Leeds youngsters exposed to illegal levels of air pollution

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Leeds youngsters are being exposed to illegal levels of damaging air pollution from diesel vehicles at schools and nurseries, a new investigation has revealed.

Analysis of the most recent government data by Greenpeace shows seven of the city’s nurseries are within 150 metres of roads where the level of nitrogen dioxide from diesel traffic exceeds the legal limit of 40µg/m3, (micrograms per cubic metre of air).

This puts Leeds in the top 10 local authority areas outside of London most affected, alongside cities inlcluding Birmingham and Manchester, with Amazing Grace Early Years Childcare on Saxton Lane, Leeds, in the highest pollution pocket of 53.01µg/m3.

Haneen Khreis, a doctorial researcher at the Institute for Transport Studies at the University of Leeds, who has been doing research into early-life exposure to traffic-related air pollution, said: “We know that air pollution models are very optimistic and traffic-related air pollution is generally being underestimated. The numbers of nurseries and children exposed is therefore likely to be much higher in reality.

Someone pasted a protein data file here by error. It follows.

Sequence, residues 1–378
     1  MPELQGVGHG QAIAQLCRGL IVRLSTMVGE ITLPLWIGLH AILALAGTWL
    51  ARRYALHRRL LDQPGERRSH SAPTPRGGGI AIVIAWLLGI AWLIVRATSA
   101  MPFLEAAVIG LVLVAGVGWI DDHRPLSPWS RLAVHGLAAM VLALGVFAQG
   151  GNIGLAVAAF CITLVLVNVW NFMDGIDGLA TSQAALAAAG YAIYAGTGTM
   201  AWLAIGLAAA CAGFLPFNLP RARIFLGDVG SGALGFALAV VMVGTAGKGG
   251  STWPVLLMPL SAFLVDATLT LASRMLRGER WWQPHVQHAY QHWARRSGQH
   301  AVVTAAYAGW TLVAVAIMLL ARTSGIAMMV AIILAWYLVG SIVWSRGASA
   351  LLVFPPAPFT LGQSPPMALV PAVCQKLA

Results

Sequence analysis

“Schools and nurseries should really be offset from roads and universal reductions in air pollution, exhaust and non-exhaust is needed quite urgently.”

Councillor Lucinda Yeadon, Leeds City Council’s deputy leader and executive member for the environment said reducing pollution levels across Leeds was a top priority.

She said: “It’s an issue we will have to tackle as a city as a whole to really make a difference.

"Improving air quality presents a huge challenge for the city, but as a council we are fully committed to tackling this issue and are already working with partners in the city to tackle and combat air pollution head on.

“We are already working with schools more closely to monitor air quality near their sites, but also to raise awareness of pollution and how we can all do our bit to support the city in improving air quality.

“Leeds has been identified as needing to introduce a Clean Air Zone by the end of 2019, and we are currently undertaking detailed analysis and modelling of air quality around the city to see what this might look like. We will be bringing a paper to executive board in the summer months with the results of all the analysis and recommendations moving forward.”

Coun David Blackburn (Farnley and Wortley/Green Party) added: “It’s disturbing to say the least. We have got to do a lot more and get it done quickly. The last people we want to put in this situation is young children.”